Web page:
Coloring of Arctic charr / Coloring of charr hold




Jón Árnason, Ólafur Ingi Sigurgeirsson, Gunnar Örn Kristjánsson, Jón Kjartan Jónsson, Turid Synnøve Aas and Trine Ytrestøyl, Manfred Phiscker

Supported by:

Technology Development Fund

Coloring of Arctic charr / Coloring of charr hold

An experiment was carried out with the aim of evaluating the activity of an organic pigment, Ecotone ™, and an inorganic pigment, Lucantin® Pink, on the coloration of char meat. The effect of 25% and 30% fat in feed on the activity of the pigments was also studied. All experimental items were tested in triplicate. The mean weight of the experimental fish was 564 g at the beginning of the experiment and 1381 g at the end of the experiment after 131 days. The temperature during the experimental period averaged 8 C̊ and the salinity of the broth was 20 ‰. The digestibility of astaxanthin in Lucantin® Pink was much higher than in Ecotone ™. The difference in body color measured by different methods turned out to be much smaller, which indicates a better utilization of the color in Lucantin® Pink. Little effect on body coloration was found by different amounts of fat in the feed and this was true for both pigments. The organic dye is more expensive to buy than the inorganic one and it results in approx. 5.5 % is more expensive to dye char with Ecotone ™ compared to Lucantin® Pink. During the analysis of the color of the feed at the beginning and at the end of the experiment 16 weeks later, it was found that there was a significant loss of color from the feed and that loss appeared to be independent of the type of color.

A feeding trial was conducted to compare the pigmenting efficiency of the biological colorant Ecotone ™ containg astaxanthin and prepared from the red yeast Phaffia rhodozyma, and the synthetic colorant Lucantin® Pink in Arctic charr. Both colorants were incorporated into diets containing either 25 or 30% lipid. All treatments were run in triplicate. The initial average weight of the fish was 564 g and the final weight 1381 g after a trial period of 131 days at 8 C̊ and 20 ‰ salinity. The digestibility of astaxanthin seems to be very much dependent upon the astaxanthin source. Differences in flesh color indicate a better utilization of astaxanthin from the synthetic source (Lucantin® Pink) as compared to the biological source (Ecotone ™). There was only a minor effect of lipid content on utilization of the astaxanthin. The biological astaxanthin source is more expensive than the synthetic source, resulting in about 5,5% higher production cost of fish produced with the “organic” colorant Ecotone ™ as compared to fish produced with the synthetic source of astaxanthin (Lucantin® Pink). The astaxanthin content in all diets proved to be very unstable when the feed was stored under conditions that are common in production of Arctic charr (10 - 20 ̊C indoors). The loss of astaxanthin ranged from 21-40% and tended to be higher in diets containing Ecotone ™. Thus, it is very important to avoid high temperatures, light and oxygen during storage of the feed.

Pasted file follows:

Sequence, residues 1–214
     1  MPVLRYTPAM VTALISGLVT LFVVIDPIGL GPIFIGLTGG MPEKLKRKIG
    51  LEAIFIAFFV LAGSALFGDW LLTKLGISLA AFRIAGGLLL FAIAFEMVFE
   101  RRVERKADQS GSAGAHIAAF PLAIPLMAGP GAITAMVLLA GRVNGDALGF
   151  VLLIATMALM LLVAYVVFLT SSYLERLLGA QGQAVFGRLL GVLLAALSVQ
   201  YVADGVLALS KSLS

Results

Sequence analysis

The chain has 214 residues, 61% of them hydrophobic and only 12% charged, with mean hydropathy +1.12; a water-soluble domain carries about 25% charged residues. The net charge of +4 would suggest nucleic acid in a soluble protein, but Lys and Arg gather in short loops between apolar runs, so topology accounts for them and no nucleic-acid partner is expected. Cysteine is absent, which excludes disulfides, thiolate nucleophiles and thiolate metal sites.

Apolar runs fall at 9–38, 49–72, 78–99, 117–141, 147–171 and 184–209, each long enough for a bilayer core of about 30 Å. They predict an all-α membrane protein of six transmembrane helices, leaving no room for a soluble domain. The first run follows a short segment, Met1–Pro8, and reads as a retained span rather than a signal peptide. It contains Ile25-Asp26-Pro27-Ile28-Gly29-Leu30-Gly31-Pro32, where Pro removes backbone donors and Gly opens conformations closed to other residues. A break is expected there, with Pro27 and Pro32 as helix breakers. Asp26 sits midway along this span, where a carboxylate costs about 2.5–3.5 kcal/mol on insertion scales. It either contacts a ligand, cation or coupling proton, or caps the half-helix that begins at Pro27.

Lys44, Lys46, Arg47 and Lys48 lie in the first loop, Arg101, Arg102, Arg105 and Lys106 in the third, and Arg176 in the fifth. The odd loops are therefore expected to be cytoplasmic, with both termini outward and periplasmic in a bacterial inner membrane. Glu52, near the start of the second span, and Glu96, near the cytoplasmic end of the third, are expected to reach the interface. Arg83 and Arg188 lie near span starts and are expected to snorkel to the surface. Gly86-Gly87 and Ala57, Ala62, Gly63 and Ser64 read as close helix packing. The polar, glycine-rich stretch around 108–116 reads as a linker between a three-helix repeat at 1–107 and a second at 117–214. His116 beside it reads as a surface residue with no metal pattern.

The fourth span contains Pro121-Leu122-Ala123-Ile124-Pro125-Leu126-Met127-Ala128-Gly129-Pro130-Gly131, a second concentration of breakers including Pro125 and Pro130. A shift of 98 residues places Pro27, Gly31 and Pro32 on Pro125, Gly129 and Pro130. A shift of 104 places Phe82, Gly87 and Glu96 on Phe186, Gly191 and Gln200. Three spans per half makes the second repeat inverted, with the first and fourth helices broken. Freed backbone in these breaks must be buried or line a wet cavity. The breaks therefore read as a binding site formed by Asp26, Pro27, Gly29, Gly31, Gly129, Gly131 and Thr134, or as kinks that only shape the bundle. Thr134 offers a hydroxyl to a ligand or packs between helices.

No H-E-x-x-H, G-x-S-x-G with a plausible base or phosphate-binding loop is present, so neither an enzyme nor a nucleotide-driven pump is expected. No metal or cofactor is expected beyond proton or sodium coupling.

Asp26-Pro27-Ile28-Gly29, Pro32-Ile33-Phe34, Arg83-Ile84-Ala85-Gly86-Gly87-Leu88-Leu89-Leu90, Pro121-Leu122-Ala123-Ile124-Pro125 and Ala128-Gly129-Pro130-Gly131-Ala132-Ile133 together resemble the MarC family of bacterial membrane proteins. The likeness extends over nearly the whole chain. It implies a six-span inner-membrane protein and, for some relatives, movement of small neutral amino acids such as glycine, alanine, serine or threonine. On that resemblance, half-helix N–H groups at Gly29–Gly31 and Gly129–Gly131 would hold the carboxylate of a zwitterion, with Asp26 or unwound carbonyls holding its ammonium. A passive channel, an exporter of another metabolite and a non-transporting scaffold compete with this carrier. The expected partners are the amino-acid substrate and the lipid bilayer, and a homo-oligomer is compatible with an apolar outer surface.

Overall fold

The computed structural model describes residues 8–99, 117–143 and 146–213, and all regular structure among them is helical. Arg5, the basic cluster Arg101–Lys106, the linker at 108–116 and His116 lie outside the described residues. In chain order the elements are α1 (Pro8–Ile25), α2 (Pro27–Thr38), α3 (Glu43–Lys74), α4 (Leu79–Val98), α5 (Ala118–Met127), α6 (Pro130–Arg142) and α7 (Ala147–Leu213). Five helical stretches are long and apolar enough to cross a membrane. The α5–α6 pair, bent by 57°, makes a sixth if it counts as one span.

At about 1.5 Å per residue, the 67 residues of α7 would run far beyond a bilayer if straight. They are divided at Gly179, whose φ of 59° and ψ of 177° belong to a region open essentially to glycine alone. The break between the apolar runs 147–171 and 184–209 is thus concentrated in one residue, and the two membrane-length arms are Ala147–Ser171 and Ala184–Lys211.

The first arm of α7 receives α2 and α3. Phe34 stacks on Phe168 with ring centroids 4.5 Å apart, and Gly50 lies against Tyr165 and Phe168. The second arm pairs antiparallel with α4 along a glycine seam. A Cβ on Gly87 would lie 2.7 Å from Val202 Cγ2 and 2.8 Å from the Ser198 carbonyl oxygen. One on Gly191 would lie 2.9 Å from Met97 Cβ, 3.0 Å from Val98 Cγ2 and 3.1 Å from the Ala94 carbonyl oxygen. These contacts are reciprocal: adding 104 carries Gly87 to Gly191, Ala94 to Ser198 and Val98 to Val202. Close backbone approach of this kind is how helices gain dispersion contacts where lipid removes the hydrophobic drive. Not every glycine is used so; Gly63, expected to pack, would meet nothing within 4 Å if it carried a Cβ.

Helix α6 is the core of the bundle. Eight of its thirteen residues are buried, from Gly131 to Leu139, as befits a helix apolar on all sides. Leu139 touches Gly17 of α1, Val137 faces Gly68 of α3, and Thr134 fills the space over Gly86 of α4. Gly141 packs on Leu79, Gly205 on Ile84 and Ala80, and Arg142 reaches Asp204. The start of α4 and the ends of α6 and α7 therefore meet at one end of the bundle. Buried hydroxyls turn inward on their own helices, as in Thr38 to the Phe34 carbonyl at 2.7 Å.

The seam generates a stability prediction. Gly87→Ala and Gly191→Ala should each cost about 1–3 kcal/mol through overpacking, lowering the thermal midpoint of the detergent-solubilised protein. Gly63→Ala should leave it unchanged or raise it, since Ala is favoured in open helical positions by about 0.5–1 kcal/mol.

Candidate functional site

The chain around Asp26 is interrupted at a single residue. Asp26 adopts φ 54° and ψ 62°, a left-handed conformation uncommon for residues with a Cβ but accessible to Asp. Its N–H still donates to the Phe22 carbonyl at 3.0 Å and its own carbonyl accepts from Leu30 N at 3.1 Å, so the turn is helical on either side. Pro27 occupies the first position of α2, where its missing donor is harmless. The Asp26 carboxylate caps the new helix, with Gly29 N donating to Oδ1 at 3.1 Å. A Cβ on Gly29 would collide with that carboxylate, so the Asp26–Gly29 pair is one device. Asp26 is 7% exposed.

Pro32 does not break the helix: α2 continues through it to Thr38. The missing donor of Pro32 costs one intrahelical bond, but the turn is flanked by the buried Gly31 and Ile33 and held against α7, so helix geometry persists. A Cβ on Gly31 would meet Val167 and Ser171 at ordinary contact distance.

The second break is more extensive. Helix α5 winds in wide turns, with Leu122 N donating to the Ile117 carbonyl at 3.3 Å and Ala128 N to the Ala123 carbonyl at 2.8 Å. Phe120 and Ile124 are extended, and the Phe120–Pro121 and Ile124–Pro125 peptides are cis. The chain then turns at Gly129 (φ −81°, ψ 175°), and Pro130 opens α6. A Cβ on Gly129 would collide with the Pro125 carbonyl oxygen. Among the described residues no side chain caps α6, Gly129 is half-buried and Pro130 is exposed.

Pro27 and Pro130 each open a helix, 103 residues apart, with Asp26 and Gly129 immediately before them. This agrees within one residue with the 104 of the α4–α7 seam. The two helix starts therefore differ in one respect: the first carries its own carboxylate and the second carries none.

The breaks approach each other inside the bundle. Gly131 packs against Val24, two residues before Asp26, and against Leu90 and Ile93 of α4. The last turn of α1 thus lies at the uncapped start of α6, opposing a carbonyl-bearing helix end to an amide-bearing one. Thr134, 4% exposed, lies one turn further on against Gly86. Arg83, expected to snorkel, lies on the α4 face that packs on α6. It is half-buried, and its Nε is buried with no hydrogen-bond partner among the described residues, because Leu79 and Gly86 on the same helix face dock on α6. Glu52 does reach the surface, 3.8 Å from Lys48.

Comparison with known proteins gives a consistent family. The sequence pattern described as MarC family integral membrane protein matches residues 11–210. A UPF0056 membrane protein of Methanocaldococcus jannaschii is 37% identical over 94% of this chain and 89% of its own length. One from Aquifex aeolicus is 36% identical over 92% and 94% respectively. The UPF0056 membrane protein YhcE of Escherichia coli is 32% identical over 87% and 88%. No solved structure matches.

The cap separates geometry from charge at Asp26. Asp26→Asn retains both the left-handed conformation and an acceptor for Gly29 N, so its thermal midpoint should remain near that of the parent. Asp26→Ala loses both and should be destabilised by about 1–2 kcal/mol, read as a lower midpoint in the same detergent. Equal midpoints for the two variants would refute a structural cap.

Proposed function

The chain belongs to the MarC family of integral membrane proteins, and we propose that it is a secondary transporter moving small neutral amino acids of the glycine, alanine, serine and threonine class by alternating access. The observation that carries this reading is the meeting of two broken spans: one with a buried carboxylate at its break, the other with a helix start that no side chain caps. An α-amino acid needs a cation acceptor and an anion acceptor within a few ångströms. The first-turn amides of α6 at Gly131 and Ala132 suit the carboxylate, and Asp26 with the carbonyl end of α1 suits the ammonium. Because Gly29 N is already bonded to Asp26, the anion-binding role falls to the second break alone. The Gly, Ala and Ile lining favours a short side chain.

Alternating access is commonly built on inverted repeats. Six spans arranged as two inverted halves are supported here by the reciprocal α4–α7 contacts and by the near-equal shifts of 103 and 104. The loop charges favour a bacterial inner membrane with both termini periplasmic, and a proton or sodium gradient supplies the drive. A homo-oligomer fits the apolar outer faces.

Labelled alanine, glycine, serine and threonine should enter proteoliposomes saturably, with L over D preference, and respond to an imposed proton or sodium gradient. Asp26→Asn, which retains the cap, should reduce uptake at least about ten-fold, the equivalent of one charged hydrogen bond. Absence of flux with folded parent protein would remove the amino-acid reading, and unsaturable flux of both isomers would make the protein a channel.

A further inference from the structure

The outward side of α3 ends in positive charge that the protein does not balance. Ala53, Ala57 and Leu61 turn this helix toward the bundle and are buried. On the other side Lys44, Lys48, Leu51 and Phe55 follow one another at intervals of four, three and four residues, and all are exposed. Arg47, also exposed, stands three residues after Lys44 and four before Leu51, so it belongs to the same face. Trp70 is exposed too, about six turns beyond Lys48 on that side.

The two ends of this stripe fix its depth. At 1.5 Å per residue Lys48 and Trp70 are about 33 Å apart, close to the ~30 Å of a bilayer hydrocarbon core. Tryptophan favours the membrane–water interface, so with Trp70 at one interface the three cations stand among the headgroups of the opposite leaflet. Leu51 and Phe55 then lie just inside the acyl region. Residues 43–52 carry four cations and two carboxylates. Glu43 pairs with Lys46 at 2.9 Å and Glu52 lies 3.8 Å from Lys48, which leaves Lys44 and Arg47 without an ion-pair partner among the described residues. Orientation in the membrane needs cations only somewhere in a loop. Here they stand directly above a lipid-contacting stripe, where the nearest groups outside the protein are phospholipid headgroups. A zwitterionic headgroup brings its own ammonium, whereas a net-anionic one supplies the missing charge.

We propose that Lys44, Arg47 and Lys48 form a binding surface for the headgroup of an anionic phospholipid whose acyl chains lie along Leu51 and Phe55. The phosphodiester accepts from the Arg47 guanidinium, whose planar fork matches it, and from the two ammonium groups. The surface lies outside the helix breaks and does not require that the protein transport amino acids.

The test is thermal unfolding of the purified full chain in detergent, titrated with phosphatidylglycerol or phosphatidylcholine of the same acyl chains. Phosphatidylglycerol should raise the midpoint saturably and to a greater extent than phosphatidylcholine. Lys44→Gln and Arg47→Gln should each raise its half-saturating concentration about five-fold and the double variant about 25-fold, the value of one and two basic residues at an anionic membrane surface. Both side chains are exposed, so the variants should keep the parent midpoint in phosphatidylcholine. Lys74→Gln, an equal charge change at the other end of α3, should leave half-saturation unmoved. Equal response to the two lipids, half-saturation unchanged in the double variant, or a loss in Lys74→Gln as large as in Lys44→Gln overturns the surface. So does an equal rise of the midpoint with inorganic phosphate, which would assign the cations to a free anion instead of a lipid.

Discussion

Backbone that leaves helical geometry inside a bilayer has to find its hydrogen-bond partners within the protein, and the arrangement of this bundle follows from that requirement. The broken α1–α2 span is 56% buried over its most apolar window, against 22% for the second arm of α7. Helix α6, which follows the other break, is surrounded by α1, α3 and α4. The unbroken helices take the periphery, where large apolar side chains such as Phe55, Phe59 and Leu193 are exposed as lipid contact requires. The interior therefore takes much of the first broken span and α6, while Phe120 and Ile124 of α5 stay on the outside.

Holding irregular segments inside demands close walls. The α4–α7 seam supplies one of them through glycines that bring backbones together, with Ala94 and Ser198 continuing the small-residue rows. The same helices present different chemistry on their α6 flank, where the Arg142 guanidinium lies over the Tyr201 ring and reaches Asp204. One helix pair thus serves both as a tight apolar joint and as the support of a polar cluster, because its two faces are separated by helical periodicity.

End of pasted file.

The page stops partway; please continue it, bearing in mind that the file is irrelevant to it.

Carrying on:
View report